Failing to make timely disbursements from escrow accounts: Servicers were cited for failure to make timely disbursements from consumer escrow accounts in compliance with Regulation X. Specifically, the servicers attempted to make disbursements in a timely manner, but the payments did not reach the recipients. To compound the error, the servicers then delayed for months in reissuing the payments. As a result, borrowers incurred penalties due to the late payments. These unsuccessful and late payments were not timely and, therefore, violated Regulation X. Remediation was later provided to the affected consumers.

Deceptive loss mitigation eligibility notices: The CFPB examiners identified instances where servicers were advising borrowers that they were approved for streamlined loss mitigation options even though no such determination had been made. In some instances, the consumers were actually denied for the streamlined option. The bureau deemed these notices to be misleading and material to consumers.

Deceptive delinquency notices: TheSupervisory Highlights identified servicer errors in sending notices to advise borrowers that they had missed payments and should fill out loss mitigation applications when, in fact, those consumers were current on their payments, in trial modification plans, or had inactive loans. These errors were deemed to be deceptive by the CFPB, and the affected servicers are implementing policies and procedures to ensure accuracy of their notices.

Loss mitigation violations: CFPB examiners found that some servicers violated Regulation X by sending loss mitigation application acknowledgment notices to borrowers that did not specify whether the applications were complete or incomplete. One servicer was cited for its failure to include a deadline for acceptance or rejection in its loss mitigation offers. And multiple servicers were also found to have violated Regulation X because they did not provide timely notices to borrowers stating their determination regarding the available loss mitigation options. Further, the bureau found that servicers violated Regulation X by failing to maintain policies and procedures reasonably designed to properly evaluate borrower applications for all available loss mitigation options. In response to this variety of errors, servicers promised to update their policies and procedures, refund or waive late charges, and to correct negative credit reporting where necessary.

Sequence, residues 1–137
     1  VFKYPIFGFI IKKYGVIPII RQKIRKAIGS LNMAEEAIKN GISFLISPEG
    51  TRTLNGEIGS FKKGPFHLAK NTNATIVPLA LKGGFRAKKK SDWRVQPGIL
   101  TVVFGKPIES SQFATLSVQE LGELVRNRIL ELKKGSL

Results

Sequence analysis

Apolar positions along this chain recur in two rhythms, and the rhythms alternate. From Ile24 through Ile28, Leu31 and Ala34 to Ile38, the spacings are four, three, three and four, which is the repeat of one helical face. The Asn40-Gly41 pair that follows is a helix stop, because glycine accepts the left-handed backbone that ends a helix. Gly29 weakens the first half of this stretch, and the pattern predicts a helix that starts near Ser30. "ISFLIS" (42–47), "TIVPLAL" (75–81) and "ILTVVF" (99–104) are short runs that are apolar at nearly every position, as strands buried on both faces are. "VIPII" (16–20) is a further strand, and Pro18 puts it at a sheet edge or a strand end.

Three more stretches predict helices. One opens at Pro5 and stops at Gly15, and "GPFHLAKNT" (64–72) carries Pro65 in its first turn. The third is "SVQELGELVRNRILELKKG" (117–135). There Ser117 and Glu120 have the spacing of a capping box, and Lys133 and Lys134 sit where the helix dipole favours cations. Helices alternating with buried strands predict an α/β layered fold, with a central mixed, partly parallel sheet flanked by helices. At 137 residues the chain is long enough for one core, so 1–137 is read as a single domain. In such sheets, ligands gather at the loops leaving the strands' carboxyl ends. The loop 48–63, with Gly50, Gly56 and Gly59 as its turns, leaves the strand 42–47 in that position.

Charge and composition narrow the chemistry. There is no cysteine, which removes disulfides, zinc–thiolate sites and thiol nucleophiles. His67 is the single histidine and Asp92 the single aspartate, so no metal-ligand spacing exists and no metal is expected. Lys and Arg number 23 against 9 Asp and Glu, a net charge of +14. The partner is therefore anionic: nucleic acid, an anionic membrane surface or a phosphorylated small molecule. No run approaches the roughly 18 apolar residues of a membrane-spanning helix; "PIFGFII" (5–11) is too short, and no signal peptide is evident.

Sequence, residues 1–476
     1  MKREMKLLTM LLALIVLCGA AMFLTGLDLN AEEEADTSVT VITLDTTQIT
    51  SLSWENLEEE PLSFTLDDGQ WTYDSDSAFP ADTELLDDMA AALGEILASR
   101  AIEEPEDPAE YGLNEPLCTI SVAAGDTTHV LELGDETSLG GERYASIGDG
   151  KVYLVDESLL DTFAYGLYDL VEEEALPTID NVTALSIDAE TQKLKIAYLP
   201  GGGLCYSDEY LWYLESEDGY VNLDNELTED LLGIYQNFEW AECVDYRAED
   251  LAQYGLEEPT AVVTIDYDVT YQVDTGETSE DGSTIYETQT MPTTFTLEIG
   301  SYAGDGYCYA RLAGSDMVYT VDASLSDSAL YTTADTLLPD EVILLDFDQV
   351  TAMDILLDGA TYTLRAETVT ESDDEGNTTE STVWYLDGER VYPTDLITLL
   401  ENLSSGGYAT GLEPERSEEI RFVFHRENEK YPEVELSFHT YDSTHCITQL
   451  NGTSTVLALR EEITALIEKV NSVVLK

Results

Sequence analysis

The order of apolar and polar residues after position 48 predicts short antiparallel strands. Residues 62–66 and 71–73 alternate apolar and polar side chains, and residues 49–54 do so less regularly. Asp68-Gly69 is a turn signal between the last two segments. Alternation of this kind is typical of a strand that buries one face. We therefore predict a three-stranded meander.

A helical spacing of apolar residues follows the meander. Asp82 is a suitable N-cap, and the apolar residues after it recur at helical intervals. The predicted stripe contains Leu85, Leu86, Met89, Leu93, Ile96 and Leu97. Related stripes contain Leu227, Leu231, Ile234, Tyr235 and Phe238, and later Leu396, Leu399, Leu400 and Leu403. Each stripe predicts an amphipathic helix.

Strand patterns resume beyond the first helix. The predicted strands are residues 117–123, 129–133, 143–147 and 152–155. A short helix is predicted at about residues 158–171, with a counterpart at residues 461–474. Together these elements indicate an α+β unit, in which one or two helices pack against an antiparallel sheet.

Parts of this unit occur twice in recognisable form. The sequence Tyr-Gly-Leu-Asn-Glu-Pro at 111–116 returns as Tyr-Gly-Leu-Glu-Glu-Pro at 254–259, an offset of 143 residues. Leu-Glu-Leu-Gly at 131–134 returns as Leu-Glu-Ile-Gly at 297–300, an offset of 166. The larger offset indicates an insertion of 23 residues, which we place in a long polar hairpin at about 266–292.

Live contact and early intervention violations: CFPB examiners found that servicers “failed to make good faith efforts to establish live contact with hundreds of delinquent borrowers.” Further, some servicers failed to send early intervention notices to “thousands of delinquent borrowers,” as required by Regulation X. In response to the findings, the servicers agreed to waive or refund late fees.

Failing to retain records documenting actions taken on mortgage loan accounts: Servicers were cited for failing to document actions in their servicing systems, such as establishing live contact with borrowers, in violation of Regulation X. 

We see two key takeaways from this latest edition of Supervisory Highlights. First, the overarching theme is that servicers still struggle with the complexities of loss mitigation engagement with borrowers and that the CFPB will scrutinize the smallest details of loss mitigation correspondence and handling. And second, the CFPB continues to focus on any and all fees imposed on consumers and any erroneously charged fee will be called a “junk fee.”